In young democracies however, the autocratic past is still in fresh memory, and this has a deterring effect. Scepticism and distrust are more widespread, and you know that democracy is vulnerable and could break down unless you stand up against undemocratic leaders.
Thirdly, our loyalty to political parties has grown along with our democratic experience. According to Frederiksen, attachments to political parties become stronger as the democracy ages.
“It crystallises, and people have stronger ties to political parties. If you are very supportive of a particular party, you are more likely to turn a blind eye if they violate democratic norms and rules,” he says, continuing:
“We prioritise party identification and the state of the economy over democracy. In old democracies, these factors replace democratic vulnerability as a relevant concern,” says Frederiksen.
Frederiksen highlights Venezuela and Turkey as examples of countries with a relatively high level of democratic experience, where many citizens have supported the country's leaders despite their undemocratic actions. After many years as democracies, they experienced a gradual erosion of their democratic rights. In Venezuela, Hugo Chávez placed his loyal supporters at the courts of law, and in Turkey, Erdogan harassed the media and purged the administration. Nevertheless, they both received great support from the population in several elections.
In Denmark, we do not see many violations of democratic principles. For this reason, the study cannot show whether such violations would be sanctioned in Denmark. But it seems plausible that these findings could be generalised to fit a Danish context. Perhaps, the closest actions to violations are some of the COVID-19 measures. However, these have largely been legitimate.
“As a result of the coronavirus pandemic, it has been necessary to introduce restrictions on democratic freedoms in Denmark as well as other countries, for example the freedom of assembly. It has been legitimate to make these restrictions. But the citizens need to be alert and critical of whether these measures are really necessary,” Frederiksen cautions.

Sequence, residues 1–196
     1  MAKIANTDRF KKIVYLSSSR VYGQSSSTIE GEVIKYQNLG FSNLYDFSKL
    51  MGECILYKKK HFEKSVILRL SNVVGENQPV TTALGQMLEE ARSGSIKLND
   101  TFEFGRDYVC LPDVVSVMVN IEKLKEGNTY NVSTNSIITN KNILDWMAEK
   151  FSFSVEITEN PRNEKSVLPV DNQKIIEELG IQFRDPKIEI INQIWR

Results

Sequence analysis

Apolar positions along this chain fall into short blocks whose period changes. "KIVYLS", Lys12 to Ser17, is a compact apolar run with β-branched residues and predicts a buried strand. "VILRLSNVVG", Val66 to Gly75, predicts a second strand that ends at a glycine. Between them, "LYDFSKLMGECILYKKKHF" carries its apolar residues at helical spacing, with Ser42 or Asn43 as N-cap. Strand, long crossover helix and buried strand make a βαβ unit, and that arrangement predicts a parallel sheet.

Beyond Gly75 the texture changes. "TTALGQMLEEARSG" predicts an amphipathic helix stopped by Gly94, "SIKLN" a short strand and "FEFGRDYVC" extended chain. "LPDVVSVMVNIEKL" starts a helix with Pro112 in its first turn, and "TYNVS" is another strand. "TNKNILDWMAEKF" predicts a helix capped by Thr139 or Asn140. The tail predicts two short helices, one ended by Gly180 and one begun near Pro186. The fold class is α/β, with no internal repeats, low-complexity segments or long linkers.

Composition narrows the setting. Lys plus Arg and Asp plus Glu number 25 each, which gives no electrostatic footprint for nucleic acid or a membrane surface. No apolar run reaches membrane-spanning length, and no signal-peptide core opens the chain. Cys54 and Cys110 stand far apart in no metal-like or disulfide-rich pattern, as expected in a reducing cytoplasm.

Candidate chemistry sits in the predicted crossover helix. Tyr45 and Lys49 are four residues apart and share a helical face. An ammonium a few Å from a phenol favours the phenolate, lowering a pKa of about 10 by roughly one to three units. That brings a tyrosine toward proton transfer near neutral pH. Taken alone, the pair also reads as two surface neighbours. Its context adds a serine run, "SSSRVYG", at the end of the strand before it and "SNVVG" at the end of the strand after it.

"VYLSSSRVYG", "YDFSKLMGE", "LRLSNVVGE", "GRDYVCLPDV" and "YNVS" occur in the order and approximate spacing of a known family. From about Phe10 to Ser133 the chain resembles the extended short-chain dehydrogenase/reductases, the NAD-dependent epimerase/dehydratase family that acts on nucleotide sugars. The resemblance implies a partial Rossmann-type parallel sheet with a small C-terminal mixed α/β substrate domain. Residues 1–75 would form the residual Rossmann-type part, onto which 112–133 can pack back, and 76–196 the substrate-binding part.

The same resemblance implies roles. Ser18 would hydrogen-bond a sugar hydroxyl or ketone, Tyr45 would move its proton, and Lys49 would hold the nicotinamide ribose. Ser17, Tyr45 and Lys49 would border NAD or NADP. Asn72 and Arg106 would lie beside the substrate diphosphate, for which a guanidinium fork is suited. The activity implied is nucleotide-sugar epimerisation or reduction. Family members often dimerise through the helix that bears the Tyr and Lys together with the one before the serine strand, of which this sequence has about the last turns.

In addition, it is important that we remain vigilant about our democracy in case we get an undemocratic leader. The citizens should preferably function as the backbone of the democracy and detect undemocratic tendencies.
“The population supports their party and often reacts like their party. So I would advise people to be critical of their government without distrusting it. We must not assume that our democracy is invulnerable. Democratic norms can be threatened in old democracies. In Denmark, we all have some democratic duties that we need to be reminded of,” Frederiksen concludes.
About the result:
Kristian Vrede Skaaning Frederiksen has conducted a statistical analysis of 43 democracies in the period 1962-2018 on the basis of data on:
He examines whether the approval ratings increase or decrease when the governments act in an undemocratic way, and whether there is a difference between new and old democracies.
The scientific article “When Democratic Experience Distorts Democracy: Citizen Reactions to Undemocratic Incumbent Behavior” can be found in European Journal of Political Research.
Kristian Vrede Skaaning Frederiksen